EXAMPLE ONE: “Tenant must immediately notify landlord of any casualty loss in the leased premises. Within 20 days after receipt of Tenant’s notice of a casualty loss, landlord will notify tenant if the leased premises are less than or more than 50% unusable, on a per square foot basis, and if Landlord can substantially restore the leased premises within 120 days after tenant notifies landlord. If the leased premises are more than 50% unusable and landlord can substantially restore the leases premises within 120 days after tenant notifies landlord of the casualty, landlord may either (i) terminate the lease; or (ii) restore the leased premises to substantially the same condition as before the casualty. If landlord chooses to restore and does not substantially restore the leased premises within the time required, tenant may terminate lease. If the lease does not terminate because of a casualty loss, rent will be reduced from the date tenant notifies the landlord of the casualty loss to the date the leases premises are substantially restored by an amount proportionate to the extent the leased premises are unusable.”

MY COMMENTS: This is a general treatment of a casualty event. The tenant is not required to pay rent for the period of the casualty loss, assuming the tenant gives written notice. This could apply to the Covid crisis. While some businesses are 100% inoperable due to Covid restrictions, some are partially inoperable. For example, a restaurant could argue that by losing its dine-in business, it should not be required to pay rent for the square footage of the dine-in area.

EXAMPLE TWO: “If the premises is damaged or destroyed by fire or casualty which cannot, despite diligent, good faith efforts be repaired or restored within 180 days following the date on which such damage occurs, then tenant may terminate the lease effective as of the date of such damage. Within 30 days after the date of such damage, the parties shall reasonably determine how long the repair and restoration will take. After that determination has been made, tenant shall have a period of 30 days to terminate the lease by giving written notice to landlord. If tenant does not give written notice to terminate, then landlord shall diligently repair such damage so that the premises are restored to a condition of similar quality, character and utility for tenant’s purposes existing in the premises prior to such damage. If landlord is required to repair or restore the premises and tenant’s use of the premises is affected by the damage or repairs, then until landlord completes such repair or restoration, all rent shall abate from the date of destruction based on the degree of impact such damages and repairs have on tenant’s operations within the premises as measured by the proportionate reduction in tenant’s sales volume.”

MY COMMENTS: This is a tenant-friendly casualty section. However, the language describing the abatement of rent suggests that this section would not apply directly to a Covid crisis scenario.

EXAMPLE THREE: “If the premises, or any part of the premises, is partially damaged by fire or other casualty not due to tenant’s negligence or willful act or that of the tenant’s employee, the premises will be promptly repaired by the landlord and there will be an abatement of rent corresponding with the time during which, and the extent to which, the premises may have been unusable. However, if the premises should be damaged, to the extent that the landlord will decide not to rebuild or repair, the term of the lease will end and the rent will be prorated up to the time of the damage.”

MY COMMENTS: This section does not fit a Covid crisis shutdown squarely, but an attorney for the tenant could try to shoehorn an argument that it does apply. In that case, a casualty would not require the tenant to pay rent while the casualty event is “unrepaired.”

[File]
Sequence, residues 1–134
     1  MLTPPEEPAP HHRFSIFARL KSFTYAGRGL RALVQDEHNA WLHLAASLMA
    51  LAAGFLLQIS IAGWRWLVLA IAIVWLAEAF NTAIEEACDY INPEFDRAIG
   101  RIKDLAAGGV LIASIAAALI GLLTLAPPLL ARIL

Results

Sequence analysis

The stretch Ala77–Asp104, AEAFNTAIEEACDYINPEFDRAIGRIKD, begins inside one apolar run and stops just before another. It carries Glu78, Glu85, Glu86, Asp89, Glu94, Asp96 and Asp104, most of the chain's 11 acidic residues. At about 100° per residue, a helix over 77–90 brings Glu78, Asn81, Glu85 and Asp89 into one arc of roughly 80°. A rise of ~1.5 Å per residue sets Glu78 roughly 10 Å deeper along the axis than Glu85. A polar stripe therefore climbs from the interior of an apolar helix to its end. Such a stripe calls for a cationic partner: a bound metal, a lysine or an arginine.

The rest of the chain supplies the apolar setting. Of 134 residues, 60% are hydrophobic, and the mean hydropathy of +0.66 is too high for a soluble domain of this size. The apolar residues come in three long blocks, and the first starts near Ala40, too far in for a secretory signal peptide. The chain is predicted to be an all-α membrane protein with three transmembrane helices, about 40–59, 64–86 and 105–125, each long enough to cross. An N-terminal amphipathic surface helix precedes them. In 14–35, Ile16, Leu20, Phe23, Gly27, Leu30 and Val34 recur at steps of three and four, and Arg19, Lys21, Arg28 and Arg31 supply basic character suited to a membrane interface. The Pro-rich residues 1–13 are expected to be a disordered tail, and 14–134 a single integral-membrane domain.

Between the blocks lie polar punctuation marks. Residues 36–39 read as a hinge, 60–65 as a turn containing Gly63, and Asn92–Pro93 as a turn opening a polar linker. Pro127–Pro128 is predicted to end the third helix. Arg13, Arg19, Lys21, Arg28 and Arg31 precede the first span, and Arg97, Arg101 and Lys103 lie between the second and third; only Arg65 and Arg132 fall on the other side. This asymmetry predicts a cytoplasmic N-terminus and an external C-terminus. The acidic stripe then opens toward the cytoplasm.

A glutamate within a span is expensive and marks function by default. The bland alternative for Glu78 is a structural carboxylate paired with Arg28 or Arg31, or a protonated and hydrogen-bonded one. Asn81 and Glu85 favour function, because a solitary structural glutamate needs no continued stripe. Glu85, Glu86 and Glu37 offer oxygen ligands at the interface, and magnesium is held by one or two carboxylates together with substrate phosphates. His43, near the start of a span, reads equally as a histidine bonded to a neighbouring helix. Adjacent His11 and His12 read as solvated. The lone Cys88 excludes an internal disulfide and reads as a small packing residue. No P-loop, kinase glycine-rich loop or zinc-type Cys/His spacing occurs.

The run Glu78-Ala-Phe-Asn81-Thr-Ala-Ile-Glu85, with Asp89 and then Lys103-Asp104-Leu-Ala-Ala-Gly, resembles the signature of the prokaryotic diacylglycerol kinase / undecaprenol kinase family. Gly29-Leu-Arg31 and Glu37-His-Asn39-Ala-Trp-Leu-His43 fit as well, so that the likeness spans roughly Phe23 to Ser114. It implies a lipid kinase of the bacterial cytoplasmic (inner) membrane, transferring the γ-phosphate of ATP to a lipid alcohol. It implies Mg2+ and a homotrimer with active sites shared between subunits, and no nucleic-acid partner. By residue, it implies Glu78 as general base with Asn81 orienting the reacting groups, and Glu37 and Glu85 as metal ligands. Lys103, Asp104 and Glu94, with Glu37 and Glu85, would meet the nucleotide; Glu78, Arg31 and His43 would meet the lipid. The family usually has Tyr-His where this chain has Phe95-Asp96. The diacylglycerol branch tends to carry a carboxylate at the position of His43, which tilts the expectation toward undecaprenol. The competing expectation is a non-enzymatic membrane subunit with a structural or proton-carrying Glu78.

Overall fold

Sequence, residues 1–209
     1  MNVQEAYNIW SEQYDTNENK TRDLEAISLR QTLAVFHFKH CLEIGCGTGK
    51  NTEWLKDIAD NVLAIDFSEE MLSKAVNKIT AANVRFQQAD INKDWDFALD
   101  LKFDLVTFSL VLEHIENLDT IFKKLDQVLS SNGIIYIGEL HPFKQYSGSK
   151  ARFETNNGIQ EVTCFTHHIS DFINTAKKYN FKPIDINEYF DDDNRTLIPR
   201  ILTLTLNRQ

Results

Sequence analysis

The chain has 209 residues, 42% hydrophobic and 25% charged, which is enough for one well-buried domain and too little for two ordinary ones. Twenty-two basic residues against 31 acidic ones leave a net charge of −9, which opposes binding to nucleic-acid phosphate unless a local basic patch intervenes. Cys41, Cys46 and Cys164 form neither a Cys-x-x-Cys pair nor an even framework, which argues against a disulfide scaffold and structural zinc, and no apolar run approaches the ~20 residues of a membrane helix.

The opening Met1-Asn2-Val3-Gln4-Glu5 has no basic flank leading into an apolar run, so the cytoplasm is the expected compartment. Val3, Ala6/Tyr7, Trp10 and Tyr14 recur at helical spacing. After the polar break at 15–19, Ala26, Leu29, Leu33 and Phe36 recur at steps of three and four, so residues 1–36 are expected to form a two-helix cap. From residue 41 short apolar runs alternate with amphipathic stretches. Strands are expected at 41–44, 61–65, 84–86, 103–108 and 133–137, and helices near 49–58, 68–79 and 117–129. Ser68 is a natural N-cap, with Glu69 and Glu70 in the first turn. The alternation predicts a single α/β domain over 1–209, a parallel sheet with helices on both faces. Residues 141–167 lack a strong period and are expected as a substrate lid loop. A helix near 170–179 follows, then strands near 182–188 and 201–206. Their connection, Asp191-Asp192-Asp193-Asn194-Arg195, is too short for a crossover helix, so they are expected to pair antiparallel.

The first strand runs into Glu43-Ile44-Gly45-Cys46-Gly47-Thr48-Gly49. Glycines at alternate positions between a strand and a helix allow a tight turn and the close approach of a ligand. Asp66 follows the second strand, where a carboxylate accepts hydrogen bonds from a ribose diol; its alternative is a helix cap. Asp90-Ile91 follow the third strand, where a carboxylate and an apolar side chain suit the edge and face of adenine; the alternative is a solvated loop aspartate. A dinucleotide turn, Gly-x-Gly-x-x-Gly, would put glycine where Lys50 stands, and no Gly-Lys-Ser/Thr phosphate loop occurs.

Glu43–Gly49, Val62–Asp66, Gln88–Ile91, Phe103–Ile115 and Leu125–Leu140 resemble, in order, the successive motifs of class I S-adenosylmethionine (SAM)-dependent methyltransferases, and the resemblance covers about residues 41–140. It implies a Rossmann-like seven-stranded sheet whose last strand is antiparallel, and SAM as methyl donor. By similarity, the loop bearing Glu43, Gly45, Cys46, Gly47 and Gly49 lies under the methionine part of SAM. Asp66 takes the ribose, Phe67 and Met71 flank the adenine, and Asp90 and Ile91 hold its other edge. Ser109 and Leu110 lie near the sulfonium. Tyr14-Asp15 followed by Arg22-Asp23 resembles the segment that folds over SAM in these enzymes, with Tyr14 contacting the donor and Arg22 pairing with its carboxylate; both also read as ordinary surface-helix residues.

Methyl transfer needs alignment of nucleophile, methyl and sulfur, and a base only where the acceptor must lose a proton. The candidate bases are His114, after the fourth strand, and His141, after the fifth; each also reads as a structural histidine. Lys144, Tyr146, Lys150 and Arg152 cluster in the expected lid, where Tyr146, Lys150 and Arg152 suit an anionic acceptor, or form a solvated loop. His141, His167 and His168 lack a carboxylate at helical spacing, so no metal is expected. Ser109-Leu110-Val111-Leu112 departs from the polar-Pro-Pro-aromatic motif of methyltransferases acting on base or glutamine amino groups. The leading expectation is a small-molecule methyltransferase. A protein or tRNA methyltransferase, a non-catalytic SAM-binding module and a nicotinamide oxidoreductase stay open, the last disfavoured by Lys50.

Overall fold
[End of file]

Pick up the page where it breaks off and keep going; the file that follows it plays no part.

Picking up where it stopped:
If you noticed that these sections can be interpreted in multiple ways to apply to the Covid crisis, that is the point. In any lease term the advantage could be with the landlord, tenant, both, or neither. Even if the landlord feels like it has a strong case for termination and eviction, an attorney for the tenant could make reasonable arguments that the tenant cannot be held responsible for rent or an alleged breach during the Covid shutdowns. (On a separate but related topic, many courts have suspended eviction proceedings during the Covid crisis.)

Before anyone hires an attorney to fight about the interpretation of these sections, all parties should consider what they hope to win by fighting. Everyone on all sides of the real estate market are suffering during this crisis. A struggling tenant is not necessarily a sign of a bad tenant or failed business model.

From the landlord’s perspective, even with a strong legal case for eviction, the landlord’s reward at the end would be an empty space to lease. Finding new tenants costs time and money, and it is uncertain what demand will be for commercial space in the coming months. Landlords should also consider that if they take an aggressive posture with tenants, they may scare the tenants into filing bankruptcy. In short, a bankrupt tenant puts the landlord in a more inconvenient position than before. A more practical option could be for the landlord to ask its lenders to suspend loan payments for several months, or at the least to suspend payments towards the loan principal. That could help the landlord wait until a tenant can pay full rent again.

From the tenant’s perspective, even with a strong case to terminate the lease, the tenant should consider negotiating with the landlord to adjust terms that might keep the business alive. Many business models will need to be revised to fit whatever new economic reality awaits us. A pragmatic landlord and tenant may both recognize this and cooperate with each other to keep the property productive.

Thank you for reading this article, I hope it was helpful. If you are in Texas and would like to discuss specific questions, please contact me directly. As an attorney, and a real estate and retail business operator, I am acutely aware of the challenges that landlords and tenants are facing right now. I enjoy working with business owners to solve their problems as if they are my own.